House CallDec/Jan 2011 Issue


Yogurt and beyond


The benefits of probiotics are widely known. Billions of these friendly bacteria—two to three pounds worth—live in the gut, helping us digest food and keep the body healthy. With over 50 percent of the immune system in the intestines, a healthy digestive system is critical to wellness.

Now a study published in the Journal of Leukocyte Biology suggests that probiotics can be a simple yet potentially effective strategy for relieving the severity of celiac and wheat-intolerance symptoms. Researchers contend that the presence of enough of these beneficial bacteria in our intestines can lessen reactivity to wheat, decrease the severity of the reaction to gluten/gliadin and modulate the immune system to lower overall harmful inflammation in the body. Thus, supplementing your diet with certain probiotics on an ongoing basis can have a profound effect on your immune system without harmful side effects.

In the study, researchers discovered that Bifidobacterium longum and Bifidobacterium bifidum, beneficial bacteria commonly found in the human digestive tract and commercially available in supplements and in some dairy products, decreased the amount of inflammatory compounds expressed by white blood cells. The findings are important because inflammation is a main component of celiac disease. Lactobacillus acidophilus, another widely available probiotic, was not used in this study but could provide similar benefits.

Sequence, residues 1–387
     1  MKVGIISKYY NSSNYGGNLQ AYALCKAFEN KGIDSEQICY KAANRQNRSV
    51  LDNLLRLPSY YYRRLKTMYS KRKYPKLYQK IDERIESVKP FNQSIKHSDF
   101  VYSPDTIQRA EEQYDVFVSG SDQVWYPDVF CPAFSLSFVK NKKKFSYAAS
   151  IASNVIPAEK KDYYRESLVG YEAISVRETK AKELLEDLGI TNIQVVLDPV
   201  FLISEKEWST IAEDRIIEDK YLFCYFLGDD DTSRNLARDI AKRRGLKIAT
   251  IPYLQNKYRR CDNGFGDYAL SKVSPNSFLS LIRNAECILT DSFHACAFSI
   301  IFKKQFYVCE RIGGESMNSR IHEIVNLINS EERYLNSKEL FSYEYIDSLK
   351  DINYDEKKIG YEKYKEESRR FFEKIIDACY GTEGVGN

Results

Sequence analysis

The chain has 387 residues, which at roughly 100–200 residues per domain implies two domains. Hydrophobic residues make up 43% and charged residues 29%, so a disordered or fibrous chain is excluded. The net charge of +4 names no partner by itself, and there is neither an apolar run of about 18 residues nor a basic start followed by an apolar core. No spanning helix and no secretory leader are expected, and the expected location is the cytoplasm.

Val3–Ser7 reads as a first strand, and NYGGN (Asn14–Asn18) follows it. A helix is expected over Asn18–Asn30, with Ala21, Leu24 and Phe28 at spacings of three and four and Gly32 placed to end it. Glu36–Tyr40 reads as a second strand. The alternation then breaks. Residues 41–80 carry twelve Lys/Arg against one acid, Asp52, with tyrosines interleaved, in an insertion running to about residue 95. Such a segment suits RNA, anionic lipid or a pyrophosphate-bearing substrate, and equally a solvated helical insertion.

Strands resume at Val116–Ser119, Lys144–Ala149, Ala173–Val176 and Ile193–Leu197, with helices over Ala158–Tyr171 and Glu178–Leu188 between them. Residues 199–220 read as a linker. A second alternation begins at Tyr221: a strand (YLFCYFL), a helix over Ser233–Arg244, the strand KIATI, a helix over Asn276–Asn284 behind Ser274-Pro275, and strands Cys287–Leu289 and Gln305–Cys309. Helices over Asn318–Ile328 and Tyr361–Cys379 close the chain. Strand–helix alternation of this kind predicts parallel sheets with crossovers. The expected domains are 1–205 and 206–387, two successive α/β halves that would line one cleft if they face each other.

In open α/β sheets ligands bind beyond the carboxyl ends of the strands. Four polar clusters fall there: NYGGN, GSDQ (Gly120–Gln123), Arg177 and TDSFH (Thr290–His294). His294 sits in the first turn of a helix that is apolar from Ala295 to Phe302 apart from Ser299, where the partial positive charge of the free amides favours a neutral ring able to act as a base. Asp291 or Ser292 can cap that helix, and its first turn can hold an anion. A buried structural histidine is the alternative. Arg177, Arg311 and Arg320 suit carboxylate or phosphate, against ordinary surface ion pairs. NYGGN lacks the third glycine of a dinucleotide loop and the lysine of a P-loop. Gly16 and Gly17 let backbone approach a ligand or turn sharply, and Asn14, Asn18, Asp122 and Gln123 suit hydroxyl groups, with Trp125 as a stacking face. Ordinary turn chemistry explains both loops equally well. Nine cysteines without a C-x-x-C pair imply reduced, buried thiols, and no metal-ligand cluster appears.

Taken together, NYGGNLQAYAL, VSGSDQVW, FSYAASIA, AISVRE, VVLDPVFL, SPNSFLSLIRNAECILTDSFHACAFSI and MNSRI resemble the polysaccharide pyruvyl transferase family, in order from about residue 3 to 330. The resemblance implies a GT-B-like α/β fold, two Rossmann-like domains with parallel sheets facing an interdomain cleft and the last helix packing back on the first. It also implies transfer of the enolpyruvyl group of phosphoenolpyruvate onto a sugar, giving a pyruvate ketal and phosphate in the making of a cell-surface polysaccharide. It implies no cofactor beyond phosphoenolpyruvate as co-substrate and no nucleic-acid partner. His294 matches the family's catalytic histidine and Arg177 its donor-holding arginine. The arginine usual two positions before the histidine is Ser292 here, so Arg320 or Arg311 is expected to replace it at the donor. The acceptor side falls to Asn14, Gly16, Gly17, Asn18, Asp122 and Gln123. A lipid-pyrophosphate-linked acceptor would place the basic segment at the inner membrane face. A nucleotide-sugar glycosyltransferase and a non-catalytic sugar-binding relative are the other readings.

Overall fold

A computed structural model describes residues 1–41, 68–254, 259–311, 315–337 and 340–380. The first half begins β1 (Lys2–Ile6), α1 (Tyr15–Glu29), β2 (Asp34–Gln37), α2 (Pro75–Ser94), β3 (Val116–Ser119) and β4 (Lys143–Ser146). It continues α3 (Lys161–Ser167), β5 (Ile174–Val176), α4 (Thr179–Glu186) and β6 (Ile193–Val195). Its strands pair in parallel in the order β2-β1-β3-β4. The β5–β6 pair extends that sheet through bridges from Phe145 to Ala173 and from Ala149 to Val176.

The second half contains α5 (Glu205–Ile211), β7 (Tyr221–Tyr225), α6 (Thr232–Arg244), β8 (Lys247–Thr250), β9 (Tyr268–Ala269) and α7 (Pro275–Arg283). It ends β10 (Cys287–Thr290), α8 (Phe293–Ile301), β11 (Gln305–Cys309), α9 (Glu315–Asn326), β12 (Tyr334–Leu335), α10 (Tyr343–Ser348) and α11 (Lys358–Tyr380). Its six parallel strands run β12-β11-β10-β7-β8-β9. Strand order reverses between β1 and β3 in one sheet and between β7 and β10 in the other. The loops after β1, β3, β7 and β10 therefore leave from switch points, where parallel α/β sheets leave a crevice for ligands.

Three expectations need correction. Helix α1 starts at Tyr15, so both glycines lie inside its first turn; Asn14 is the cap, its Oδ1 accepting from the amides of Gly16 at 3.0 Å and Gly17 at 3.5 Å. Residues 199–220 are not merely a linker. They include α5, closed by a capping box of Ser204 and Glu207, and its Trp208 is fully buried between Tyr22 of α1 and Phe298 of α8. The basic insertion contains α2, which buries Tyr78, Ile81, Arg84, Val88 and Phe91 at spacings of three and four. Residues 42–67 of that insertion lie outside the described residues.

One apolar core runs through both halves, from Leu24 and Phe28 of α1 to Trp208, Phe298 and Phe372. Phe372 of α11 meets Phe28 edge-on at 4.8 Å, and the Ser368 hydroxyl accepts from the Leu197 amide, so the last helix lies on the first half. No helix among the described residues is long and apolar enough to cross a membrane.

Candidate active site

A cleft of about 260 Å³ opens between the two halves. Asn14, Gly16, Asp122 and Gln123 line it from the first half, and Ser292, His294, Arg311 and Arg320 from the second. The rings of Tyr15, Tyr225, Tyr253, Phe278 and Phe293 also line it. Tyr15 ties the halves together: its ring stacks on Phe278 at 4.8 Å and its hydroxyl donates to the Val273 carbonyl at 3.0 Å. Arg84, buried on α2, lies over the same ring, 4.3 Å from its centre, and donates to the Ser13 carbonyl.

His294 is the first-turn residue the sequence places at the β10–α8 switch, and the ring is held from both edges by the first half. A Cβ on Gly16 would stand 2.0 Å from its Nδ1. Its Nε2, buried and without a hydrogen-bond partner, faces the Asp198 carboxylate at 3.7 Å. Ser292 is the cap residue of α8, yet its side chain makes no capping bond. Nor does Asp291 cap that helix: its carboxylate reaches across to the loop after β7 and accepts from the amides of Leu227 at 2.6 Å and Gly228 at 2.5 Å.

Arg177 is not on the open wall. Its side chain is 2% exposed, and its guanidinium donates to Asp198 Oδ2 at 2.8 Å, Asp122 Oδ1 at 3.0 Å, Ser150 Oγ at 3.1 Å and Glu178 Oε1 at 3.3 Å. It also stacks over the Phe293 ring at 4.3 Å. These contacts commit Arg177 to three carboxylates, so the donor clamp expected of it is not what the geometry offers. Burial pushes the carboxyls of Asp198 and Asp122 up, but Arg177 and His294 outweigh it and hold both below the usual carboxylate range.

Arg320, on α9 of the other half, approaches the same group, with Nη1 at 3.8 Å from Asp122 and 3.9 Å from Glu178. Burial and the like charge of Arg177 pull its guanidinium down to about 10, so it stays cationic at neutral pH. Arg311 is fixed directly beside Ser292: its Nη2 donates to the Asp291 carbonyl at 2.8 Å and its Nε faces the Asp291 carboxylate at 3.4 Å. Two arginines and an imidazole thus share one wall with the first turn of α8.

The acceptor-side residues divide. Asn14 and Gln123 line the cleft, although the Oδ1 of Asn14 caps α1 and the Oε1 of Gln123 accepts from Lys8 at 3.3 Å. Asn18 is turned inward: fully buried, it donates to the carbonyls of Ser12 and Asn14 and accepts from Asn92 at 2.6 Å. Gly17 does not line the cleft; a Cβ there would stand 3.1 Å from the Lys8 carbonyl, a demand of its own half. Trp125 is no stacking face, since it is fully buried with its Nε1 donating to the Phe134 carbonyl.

Live Cultures

Active live cultures found in most commercial yogurts, kefir and cultured sour creams offer helpful bacteria that increase intestinal flora and aid in addressing gastrointestinal symptoms like diarrhea. But unless a product is supplemented, most won’t contain the specific bacteria (Bifidobacterium and Lactobacillus) used to mediate the immune response seen in celiac disease. (A new lactose-free kefir sold by Green Valley contains 10 live, active cultures, including Bifidobacterium bifidum.)

For many people, particularly those who cannot tolerate dairy, supplementation is an easy, inexpensive way to get the proper bacteria in a clinically effective dose. Probiotic supplements come in powder, capsule and gel cap. Bacterial cultures are sensitive to heat and have a short shelf life unless they’re refrigerated. The exception is fermented encapsulated probiotics, sold in pearl-size gel caps.

What dosage is best? The usual dose for adults and children alike is 6 billion CFUs (colony forming units) per day. The number sounds high but it pales in comparison to the amount of bacteria already in your gut.

There are precautions in supplementing with these beneficial bacteria. Immune-compromised people should not take supplemental probiotics without consulting a doctor. The reason is that bacteria of any kind must be properly managed in immune-compromised patients. Those with celiac disease or wheat sensitivity should read labels carefully to determine that products don't contain wheat-derived fructooligosaccharides or FOS. If you’re on an antibiotic regimen, probiotic supplements should be taken after antibiotic therapy is completed, not during. This is because the antibiotic will kill the gut flora, as well as the targeted bacteria. LW

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